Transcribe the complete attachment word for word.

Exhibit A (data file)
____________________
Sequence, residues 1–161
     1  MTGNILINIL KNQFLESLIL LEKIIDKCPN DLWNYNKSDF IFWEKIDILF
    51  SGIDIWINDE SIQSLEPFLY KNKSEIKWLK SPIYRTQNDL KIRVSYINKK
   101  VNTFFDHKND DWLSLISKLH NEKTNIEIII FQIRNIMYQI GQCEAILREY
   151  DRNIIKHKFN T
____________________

Sequence, residues 1–161
     1  MTGNILINIL KNQFLESLIL LEKIIDKCPN DLWNYNKSDF IFWEKIDILF
    51  SGIDIWINDE SIQSLEPFLY KNKSEIKWLK SPIYRTQNDL KIRVSYINKK
   101  VNTFFDHKND DWLSLISKLH NEKTNIEIII FQIRNIMYQI GQCEAILREY
   151  DRNIIKHKFN T